What the leaks will do is stoke even greater global anger around the world, as evidence comes to those who didn’t know firsthand what the U.S./NATO occupation means for Afghans and Pakistanis. That will certainly mean rising anger toward U.S. policy and Americans as a whole. But more importantly, it will spur enormous antiwar activity in places like Europe, Canada, Australia, and Turkey. And that means greater pressure on those governments now providing troops for the war in Afghanistan — and on the Obama administration to end the war.
There is no evidence yet of a new smoking gun among the documents. But taken as a whole, the documents provide a collective arsenal of evidence of a brutal war that never did have a chance to succeed — and evidence of two administrations of a government determined to mislead its own people and the rest of the world.
The documents indicate significant shifts in the nature of how the war is being fought, with documentation of escalating Special Forces operations and drone attacks. The Pentagon's "nation-building" efforts are failing in places like Marja, last spring’s poster-city of a U.S.-backed government-in-a-box.The handpicked mayor-in-a-box, who spent most of the last 15 years living in Germany, is so unpopular that he has to be ferried into town on military helicopters for occasional meetings and then quickly whisked away.
So perhaps it isn't surprising that the new documents describe activities like those of Task Force 373, a death-squad that goes after identified individuals on a kill-or-capture list. No trial, of course. And if drones are called in to do more of the dirty work so U.S. troops are not at risk, and more Afghan or Pakistani civilians are killed as a result — well, that’s just part of the cost of war.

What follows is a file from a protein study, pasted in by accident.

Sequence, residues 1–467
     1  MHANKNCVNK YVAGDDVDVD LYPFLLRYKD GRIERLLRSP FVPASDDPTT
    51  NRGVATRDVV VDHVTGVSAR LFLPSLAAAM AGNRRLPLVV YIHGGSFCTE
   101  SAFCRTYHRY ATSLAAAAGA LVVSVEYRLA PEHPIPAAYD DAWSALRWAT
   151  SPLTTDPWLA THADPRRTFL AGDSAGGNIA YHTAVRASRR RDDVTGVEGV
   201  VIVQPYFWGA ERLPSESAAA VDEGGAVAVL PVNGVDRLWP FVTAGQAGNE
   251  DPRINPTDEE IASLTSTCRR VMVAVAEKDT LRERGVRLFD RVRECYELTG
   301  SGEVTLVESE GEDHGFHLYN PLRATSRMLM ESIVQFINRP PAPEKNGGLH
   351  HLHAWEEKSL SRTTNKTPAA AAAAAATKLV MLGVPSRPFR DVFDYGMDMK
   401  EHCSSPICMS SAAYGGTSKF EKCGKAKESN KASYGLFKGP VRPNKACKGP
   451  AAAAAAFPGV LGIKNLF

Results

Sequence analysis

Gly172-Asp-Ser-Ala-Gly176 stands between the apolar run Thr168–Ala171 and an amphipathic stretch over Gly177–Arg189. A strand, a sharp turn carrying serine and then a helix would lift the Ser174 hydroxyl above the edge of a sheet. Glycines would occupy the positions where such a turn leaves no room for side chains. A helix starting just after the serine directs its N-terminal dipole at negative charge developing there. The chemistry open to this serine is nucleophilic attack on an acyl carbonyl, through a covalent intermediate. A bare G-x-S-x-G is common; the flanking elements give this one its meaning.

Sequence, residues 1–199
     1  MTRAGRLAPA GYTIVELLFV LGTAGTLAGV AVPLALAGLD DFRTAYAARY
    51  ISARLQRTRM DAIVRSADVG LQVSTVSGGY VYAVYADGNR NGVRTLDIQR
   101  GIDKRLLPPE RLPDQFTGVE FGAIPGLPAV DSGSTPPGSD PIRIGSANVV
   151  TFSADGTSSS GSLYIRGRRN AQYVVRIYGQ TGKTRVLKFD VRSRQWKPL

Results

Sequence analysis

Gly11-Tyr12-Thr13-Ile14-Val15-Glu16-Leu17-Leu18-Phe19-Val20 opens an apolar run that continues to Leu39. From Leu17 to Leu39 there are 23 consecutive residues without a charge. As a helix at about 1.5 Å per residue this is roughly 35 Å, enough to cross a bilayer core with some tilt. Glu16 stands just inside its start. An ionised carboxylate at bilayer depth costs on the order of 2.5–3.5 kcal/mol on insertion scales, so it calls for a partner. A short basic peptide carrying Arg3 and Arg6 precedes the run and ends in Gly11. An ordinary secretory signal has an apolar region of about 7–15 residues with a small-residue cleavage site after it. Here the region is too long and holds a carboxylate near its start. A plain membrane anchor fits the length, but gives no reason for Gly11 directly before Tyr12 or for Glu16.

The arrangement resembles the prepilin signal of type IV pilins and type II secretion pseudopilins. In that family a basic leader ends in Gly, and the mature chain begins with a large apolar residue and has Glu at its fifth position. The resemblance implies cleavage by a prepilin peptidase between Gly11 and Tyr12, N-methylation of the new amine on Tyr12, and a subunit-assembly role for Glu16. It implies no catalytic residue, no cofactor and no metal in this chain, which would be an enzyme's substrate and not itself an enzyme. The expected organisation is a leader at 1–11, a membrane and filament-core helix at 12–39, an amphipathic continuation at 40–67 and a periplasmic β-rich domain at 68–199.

The documents include evidence of civilian deaths never reported in the press, many of them probably never even mentioned or asked about in the virtually nonexistent congressional oversight of the years documented in these reports. They detail massive levels of corruption, extortion, and constant violence inflicted on Afghan civilians by the U.S.-backed, U.S.-trained and U.S.-funded militias known as the Afghan National Army and Afghan National Police.
And they demonstrate, again, the continuing links between Pakistan’s top military intelligence agency, the ISI, and the top leadership of the Taliban — despite claims by Secretary of State Clinton and others in the Obama administration that Pakistan is a reliable U.S. ally that just needs to work a little harder on going after terrorists. Ironically, the Obama administration’s answer to the documents repeats the effort to blur the very distinct organizations known as the Afghan Taliban and the Pakistani Taliban into a generic presence in Pakistan known as “the terrorists” or “the Taliban.”
The Wikileaks documents provide a treasure trove of evidence — of what we already knew. This war has already failed. Every death, of civilian and soldier, is needless. The cost of this occupation and this war — in Afghan blood, in U.S. and NATO military blood, in billions of dollars needed for jobs at home and real reconstruction in Afghanistan and elsewhere — is too high.
We need to stop the funding now, bring the troops and contractors home, support regional diplomacy, and begin the long effort of repaying our huge debt to the people of Afghanistan and Iraq.
July 26, 2010 · By Beth Goldberg